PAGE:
Climate changes and the consequences become more and more apparent (see also Chapter 1). Examples of these visible changes are changing in precipitation patterns, leading to water annoyance or droughts, and the changes in temperature, which affects the living conditions of heat-loving species positively. Once the future changes in climate are, within certain margins, known, this knowledge needs to be included in policies and in designs. The Dutch Adaptation Strategy and Agenda (Chapter 1) focuses on both policy and design. Spatial measures can be developed, which offer design oriented solutions, if anticipated on upcoming changes. In the Dutch House of Lords a motion was accepted, which asks attention for long-term planning in national policies (Eerste Kamer, 2005). The national policies in the Netherlands can be characterised as plans with a short time-horizon, in which climate change plays a minor role.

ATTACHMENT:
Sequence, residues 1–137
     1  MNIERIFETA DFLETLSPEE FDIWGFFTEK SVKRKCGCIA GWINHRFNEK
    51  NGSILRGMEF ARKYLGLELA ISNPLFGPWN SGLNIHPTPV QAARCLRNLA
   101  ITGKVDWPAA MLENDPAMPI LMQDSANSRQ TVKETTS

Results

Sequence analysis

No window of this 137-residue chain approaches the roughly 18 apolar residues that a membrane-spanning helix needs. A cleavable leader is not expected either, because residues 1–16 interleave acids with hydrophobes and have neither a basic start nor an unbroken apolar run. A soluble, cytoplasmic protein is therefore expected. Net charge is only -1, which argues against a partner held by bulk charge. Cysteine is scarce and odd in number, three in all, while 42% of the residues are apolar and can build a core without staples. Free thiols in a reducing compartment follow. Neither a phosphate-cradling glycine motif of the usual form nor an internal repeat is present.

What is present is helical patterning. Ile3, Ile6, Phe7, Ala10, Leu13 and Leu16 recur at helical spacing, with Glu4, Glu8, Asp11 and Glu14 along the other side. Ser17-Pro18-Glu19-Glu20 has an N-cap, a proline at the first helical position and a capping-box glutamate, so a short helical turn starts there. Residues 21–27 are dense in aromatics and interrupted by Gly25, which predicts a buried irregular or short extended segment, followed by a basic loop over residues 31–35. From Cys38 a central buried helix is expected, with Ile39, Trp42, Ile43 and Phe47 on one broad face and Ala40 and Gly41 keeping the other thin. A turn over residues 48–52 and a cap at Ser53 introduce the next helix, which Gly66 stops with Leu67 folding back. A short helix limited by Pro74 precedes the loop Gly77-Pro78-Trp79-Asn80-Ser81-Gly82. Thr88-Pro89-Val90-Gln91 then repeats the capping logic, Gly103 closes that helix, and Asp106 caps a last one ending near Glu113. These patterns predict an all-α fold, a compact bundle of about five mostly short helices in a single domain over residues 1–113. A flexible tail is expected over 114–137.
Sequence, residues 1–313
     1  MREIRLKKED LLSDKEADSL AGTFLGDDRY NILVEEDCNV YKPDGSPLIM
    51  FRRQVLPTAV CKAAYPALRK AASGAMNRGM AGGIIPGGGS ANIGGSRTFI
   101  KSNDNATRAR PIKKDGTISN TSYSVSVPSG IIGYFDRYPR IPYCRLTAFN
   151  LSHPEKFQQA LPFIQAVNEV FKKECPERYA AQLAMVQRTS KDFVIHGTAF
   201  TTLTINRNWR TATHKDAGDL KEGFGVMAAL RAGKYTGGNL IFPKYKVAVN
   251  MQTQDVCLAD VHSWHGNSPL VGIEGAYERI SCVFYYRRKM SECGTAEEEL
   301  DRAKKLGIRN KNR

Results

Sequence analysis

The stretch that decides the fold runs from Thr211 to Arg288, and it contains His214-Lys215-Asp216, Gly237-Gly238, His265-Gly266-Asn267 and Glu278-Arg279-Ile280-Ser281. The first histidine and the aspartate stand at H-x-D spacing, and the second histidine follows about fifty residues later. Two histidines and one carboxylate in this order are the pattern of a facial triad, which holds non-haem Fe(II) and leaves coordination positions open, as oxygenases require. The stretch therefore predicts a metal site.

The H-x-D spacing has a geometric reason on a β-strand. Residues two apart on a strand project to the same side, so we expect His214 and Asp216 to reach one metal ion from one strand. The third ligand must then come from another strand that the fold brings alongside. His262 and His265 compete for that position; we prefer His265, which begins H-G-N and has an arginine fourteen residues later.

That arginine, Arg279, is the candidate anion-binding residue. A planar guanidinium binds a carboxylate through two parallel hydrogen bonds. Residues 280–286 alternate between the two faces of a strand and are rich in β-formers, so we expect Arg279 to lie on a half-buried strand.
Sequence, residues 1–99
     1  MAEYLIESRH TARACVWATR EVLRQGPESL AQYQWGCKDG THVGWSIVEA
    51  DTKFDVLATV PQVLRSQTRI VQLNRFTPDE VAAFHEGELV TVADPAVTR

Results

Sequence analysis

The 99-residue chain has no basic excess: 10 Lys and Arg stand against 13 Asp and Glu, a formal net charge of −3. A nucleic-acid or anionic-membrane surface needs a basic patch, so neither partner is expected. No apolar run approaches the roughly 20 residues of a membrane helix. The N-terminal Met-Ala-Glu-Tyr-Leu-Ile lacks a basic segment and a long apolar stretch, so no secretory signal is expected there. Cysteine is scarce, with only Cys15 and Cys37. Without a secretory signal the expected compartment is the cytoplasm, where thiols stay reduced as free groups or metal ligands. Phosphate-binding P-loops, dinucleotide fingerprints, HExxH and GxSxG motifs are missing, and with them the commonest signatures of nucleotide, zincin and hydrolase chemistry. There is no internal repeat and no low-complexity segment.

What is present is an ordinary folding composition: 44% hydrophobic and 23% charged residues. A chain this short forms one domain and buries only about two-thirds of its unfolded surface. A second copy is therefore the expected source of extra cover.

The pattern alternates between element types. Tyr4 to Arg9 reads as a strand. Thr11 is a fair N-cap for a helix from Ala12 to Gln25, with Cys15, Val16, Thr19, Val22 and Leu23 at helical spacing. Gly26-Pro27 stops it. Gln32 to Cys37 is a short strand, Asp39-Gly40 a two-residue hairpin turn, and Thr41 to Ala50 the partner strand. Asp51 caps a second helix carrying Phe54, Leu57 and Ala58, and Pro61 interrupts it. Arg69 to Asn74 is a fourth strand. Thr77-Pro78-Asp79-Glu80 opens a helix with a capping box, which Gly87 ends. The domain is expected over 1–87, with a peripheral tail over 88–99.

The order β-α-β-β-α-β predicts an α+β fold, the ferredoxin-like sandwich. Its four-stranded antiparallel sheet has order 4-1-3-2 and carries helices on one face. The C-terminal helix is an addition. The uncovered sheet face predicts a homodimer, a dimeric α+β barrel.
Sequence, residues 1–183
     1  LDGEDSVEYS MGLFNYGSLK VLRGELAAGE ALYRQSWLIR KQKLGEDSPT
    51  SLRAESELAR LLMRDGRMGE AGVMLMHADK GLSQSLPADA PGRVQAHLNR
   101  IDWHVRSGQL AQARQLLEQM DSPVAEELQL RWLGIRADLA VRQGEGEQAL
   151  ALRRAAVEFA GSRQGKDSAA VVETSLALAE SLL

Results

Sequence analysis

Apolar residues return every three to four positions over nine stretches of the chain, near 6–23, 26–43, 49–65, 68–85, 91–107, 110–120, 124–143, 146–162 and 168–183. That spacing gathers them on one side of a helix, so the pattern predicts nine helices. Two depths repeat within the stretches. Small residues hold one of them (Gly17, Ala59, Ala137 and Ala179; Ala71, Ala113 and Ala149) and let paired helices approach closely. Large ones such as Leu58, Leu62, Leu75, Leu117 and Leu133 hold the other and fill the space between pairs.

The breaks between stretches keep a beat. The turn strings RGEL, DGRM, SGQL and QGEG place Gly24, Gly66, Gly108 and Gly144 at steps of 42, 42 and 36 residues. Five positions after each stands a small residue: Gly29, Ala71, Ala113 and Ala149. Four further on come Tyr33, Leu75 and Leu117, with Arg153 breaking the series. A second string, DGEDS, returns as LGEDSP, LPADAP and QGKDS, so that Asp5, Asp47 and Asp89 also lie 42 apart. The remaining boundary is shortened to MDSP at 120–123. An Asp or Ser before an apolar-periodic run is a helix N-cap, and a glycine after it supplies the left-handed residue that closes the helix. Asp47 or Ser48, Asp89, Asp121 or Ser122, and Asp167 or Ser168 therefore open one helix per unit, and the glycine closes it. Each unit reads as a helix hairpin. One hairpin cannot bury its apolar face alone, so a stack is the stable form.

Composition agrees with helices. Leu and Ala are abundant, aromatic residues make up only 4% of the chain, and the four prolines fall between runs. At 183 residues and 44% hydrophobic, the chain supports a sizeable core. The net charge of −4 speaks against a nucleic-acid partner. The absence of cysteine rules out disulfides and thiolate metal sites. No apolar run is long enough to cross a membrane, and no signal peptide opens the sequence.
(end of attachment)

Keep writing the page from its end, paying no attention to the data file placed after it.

According the national policies, the majority of investments will be done in Randstad Holland. This area is for its largest part below sea level and therefore vulnerable for floods. A design approach would offer chances at solutions for the defined questions. If a design point of view is chosen, this implies look at the problems with a broad view, in which integrated and robust solutions can be found. This approach differs from the political and societal discourse: here the facts and the search for the 'truth' dominates. Dealing with uncertainties and surprises is not yet included in the discourse. Thus, politicians and scientists stick to climate scenarios of 2006 (KNMI, 2006). And the greater part of the research on climate change and spatial impacts is still directed by the urge to reduce greenhouse gas emissions and not on possible creative and inspirational spatial solutions to deal with climate change. As a matter of fact this is a strange situation, because further research on facts and figures are in a way inflexible, while future uncertainties ask for flexibility, creativity and robustness of solutions. Research and development of good practices, which focus on the spatial implementation of changes caused by climate change, should become more dominant. This research needs to focus on three issues: the transformation of climate knowledge to spatial means i.e. maps or atlases, the development of design principles and the appliance of the principles in spatial planning and design. But first of all, an innovative and creative attitude needs to be developed.
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